Here lies the main issues:  iron, copper, and calcium are not necessarily  bad for the body.

As a matter of fact, not enough iron is called anemia! Other risks of chelation therapy  are also serious:

“…heart failure, a sudden drop in blood pressure, abnormally low calcium levels in the blood (hypocalcemia), permanent kidney damage, and bone marrow depression (meaning that blood cell counts fall)…”  Also, not enough calcium is called hypocalcemia and  can lead to  convulsions, arrythmias, tetany and numbness/parasthesias  (Wikipedia)

The figure below shows the EDTA compound binding a metal atom.


EDTA Chelation Of Metal Atom



So before we remove metals and minerals  indiscriminately from the body of a Cardiovascular Disease (CVD) patient, maybe we should know more about the relationship between those minerals and CVD .

But the chelation proponents argue that many other metals and minerals removable by chelation are bad for your heart. In fact, the British Medical Bulletin [6] adds cadmium and mercury to the list.

Essentially, heavy metal pollution is bad for you and your heart. Fine, but does that mean that most heart diseases are caused  by such pollution?

That remains to be shown. Chelation seems like a dragnet removal of many metals from the CVD patient. Maybe future studies should discover a chelating agent specialized in  removal of a specific metal, say, calcium.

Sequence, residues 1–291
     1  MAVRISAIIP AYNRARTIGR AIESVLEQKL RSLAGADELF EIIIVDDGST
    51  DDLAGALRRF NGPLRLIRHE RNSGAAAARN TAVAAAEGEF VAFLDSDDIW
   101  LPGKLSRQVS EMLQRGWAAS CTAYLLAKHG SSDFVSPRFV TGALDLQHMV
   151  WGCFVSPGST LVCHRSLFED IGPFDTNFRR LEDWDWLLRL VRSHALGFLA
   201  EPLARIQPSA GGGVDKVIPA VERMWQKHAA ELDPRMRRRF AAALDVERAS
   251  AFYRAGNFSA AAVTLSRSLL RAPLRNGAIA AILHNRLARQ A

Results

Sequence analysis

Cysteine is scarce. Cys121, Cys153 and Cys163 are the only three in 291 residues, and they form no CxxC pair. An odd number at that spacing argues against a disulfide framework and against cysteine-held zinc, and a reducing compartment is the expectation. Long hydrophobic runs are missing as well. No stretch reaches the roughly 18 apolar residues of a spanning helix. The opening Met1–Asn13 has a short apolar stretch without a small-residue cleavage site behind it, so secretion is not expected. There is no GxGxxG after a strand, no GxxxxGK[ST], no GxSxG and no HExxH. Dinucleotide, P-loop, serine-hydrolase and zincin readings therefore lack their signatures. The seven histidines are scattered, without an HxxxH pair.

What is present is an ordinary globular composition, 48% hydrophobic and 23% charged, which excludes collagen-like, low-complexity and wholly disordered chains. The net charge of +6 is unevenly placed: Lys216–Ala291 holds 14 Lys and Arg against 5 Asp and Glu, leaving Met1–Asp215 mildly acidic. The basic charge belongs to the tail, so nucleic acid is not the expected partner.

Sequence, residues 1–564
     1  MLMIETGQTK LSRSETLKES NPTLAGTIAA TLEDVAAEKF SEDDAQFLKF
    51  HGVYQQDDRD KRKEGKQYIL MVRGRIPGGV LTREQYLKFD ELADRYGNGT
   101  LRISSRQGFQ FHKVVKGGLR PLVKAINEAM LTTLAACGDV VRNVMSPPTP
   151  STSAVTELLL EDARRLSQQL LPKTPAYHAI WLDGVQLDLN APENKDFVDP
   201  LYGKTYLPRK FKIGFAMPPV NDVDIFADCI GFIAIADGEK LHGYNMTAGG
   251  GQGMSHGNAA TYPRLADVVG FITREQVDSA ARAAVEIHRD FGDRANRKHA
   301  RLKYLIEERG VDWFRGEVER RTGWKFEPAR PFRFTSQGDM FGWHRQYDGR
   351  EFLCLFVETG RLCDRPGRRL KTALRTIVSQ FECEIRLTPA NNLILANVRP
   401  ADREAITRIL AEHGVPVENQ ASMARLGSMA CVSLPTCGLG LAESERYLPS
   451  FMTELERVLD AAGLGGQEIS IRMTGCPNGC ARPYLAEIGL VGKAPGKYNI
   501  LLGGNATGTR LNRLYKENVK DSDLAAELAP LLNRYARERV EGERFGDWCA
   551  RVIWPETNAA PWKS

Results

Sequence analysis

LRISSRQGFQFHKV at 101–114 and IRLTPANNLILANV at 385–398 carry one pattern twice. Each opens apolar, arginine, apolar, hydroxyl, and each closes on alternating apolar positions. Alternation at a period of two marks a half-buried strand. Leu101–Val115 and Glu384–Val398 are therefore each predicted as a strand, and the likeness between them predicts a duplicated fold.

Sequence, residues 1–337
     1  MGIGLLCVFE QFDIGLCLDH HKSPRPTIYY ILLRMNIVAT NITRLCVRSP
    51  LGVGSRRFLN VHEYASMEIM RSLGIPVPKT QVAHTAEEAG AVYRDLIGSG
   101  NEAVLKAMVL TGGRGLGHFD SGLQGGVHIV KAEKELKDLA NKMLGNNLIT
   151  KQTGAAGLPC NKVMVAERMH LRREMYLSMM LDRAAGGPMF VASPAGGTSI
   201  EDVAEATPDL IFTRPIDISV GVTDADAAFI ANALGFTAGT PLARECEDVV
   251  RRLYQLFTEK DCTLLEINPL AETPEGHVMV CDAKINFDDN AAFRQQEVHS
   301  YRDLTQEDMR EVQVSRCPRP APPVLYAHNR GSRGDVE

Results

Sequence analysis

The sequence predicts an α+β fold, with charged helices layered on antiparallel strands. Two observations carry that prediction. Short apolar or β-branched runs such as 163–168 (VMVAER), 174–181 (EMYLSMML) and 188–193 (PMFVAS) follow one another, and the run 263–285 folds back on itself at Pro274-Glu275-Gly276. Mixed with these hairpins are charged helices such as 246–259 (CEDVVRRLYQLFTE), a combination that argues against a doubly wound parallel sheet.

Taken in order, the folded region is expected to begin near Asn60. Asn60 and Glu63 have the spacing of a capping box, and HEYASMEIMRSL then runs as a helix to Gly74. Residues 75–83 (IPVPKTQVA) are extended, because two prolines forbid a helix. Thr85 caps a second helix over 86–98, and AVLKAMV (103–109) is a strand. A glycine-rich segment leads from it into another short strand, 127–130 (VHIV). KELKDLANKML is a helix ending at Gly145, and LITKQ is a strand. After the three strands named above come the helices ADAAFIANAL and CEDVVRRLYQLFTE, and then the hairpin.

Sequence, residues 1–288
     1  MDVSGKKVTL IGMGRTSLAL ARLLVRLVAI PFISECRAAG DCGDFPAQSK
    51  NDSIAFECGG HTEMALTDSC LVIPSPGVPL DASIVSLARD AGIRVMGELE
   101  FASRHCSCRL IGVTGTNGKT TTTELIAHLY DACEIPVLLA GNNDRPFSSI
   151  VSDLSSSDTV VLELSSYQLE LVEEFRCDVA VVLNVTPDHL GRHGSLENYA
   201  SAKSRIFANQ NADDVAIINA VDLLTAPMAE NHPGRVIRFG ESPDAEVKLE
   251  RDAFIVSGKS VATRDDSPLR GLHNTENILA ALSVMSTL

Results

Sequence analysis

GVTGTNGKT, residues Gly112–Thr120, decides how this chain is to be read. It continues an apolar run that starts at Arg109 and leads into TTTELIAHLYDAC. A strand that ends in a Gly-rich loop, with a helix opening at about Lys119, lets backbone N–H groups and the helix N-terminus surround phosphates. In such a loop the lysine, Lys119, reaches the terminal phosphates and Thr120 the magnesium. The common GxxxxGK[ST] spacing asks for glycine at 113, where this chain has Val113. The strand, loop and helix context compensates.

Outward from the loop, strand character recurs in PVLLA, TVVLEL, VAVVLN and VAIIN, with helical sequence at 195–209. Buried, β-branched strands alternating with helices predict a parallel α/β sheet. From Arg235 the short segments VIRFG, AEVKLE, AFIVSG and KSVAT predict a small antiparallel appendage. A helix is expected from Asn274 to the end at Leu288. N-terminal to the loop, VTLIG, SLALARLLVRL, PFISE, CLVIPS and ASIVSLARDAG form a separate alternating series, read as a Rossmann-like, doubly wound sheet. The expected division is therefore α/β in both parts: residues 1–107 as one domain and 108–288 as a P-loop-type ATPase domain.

Until then, you will note that the in the clinical trials described in [4]

“…A typical protocol might consist of 30 intravenously administered solutions of 3 grams of disodium EDTA with concomitant administration of varying levels of ascorbic acid, B-vitamins, heparin, and the minerals magnesium, copper, zinc, selenium and manganese delivered over 1.5 to 3 hours in 500 ml to 1000 ml of normal saline…”

The addition of minerals magnesium, copper, zinc, selenium and manganese is probably there to compensate for the removal of these essential metals from the patient’s body.

Other medications, such as diuretics can bring about loss of electrolytes and can require mineral supplementation, but the mechanics of the use of diuretics and their efficacy is well understood.

Note that heavy metal pollution has been associated with all sorts of ills [6], which explains the range of disease it is deemed to heal [1]

Coming back to heart disease, the latest results of the Trial to Assess Chelation Therapy (TACT) discussed in [1] are intriguing.